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Is this thing a dingwall?

Discussion in 'Basses [BG]' started by quallabone, Dec 28, 2003.

  1. quallabone


    Aug 2, 2003
    I just saw Earl from Widemout Mason play. When he first came out it looked like he was playing a stingray. Then I noticed that it has a single coil neck P/U as well. it also had the jack up by the bridge. To make it even stranger it had fanned frets with a musicman style headstock. I have a really bad picture of it on my computer if someone wants to see it. I couldn't get close but I'm almost positive that it said Dingwall on the headstock.
  2. Davehenning


    Aug 9, 2001
    Los Angeles
    Yes, it is a Dingwall. I have known Earl for a few years and he has been playing Dingwall basses for at least 4 or 5 years. Dingwall's shop is located in Saskatoon.

    I had the pleasure of checking out the Dingwall shop a few years ago. Sheldon is a class act and a stand-up guy.

    Ps. if you see earl, tell him I said hello
  3. quallabone


    Aug 2, 2003
    I know earl has been playing dingwalls for a while but I've never seen a dingwall that loooked like a musicman. Does Earl have the only one?
    Here's that extremely crappy blurry picture I took.
  4. quallabone


    Aug 2, 2003
    And I live a good 10 minutes away from the dingwall shop. I've been told that sheldon is a very good guy. If he is indeed a good guy he'll shed some light on the Dingwall "musicman edition."
  5. Geoff St. Germaine

    Geoff St. Germaine Commercial User

    Looks to me like the bass is an MM, but it has had the frets redone, possibly by Dingwall in a fanned fret manner. Seems to look something like the Novax fender replacement necks.

  6. tuBass


    Dec 14, 2002
    Mesquite, Texas
    sounds like geoff is onto something. The clue for me was that the bridge is position perpendicular to the strings, where normal dingwalls have angled bridges.
  7. JJd2sc


    Jul 31, 2003
    Marietta, Georgia
    Fanned frets always do look interesting to me, do they play very differently?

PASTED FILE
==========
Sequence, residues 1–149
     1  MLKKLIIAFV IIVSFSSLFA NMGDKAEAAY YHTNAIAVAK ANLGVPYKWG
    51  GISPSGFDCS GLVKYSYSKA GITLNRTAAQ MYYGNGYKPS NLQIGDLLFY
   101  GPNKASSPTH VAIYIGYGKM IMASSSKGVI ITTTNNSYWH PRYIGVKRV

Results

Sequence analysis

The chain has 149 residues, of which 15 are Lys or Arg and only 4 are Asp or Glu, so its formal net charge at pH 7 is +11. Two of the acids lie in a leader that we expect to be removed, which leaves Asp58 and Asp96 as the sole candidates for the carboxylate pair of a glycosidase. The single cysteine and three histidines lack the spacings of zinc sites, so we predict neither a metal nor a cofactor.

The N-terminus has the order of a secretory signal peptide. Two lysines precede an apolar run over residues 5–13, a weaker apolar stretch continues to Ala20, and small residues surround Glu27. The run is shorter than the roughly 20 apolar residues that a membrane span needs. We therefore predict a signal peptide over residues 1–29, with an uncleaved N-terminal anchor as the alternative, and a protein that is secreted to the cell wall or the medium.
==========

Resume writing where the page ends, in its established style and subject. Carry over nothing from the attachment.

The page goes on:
8. Also looks to me like a MM bass w/ a redone fretboard.

    Since the bridge is parallel and the head stock is definately MM style. I would guess the bass was a MM and that he had the fret board redone either by NOVAX or possibly by Mr Dingwall.

    Playing the fanned fretboard is the same as playing parallel frets, it takes abou 10 mins to get comfortable playing this board, and even better is the fact that frets 3-12 are pretty close to being parallel (fret 7 is parallel).

    On the other hand.... what is interesting is the pickguard (which looks like it came from the URGEII), and what looks like pickups w/ no exposed pole pieces. aren't the pickups not in the usual MM position? (particularly the bridge one)
    Also the arm bevel looks likes what I have on my Dingwall, and you can almost see the AB style body. Dunno
    time to Ask Sheldon
  9. Dirty Road Cola

    Dirty Road Cola Guest

    Sep 8, 2000
    Gainesville, FL
    I think it's a dingwall, as it's got two FD-series pickups sandwiched where the MM pickup would go.
  10. embellisher

    embellisher Holy Ghost filled Bass Player Supporting Member

    The headstock looks like a MusicMan, but the pickguard, pickup placement and bridge do not.
  11. Sheldon D.

    Sheldon D.

    Oct 3, 2001
    It's one of two prototypes we built for the NAMM show in 1999. They're pretty trick. Both were semi-hollow, dual-density bodies. Both could be optioned with either a standard fretted neck or a slightly fanned version (34-35").

    Earl's version is the Deluxe model with 3 custom Bartolini humcancelling J-pickups (two are housed in the MM cover) wired to an interactive combination of 5-way and series/parallel switches. With the switching system plus a 3-band EQ, the tone options were pretty much endless.

    Just before the show the "Top Ten Gear Ideas of the Last 10 Years" article came out in Bass Player magazine. I really feel that article shifted people's thinking because the overwhelming attitude at the show was that our customers didn't want us to go down the "Retro" road and preferred that we stuck to our guns with the Prima and Z-series basses.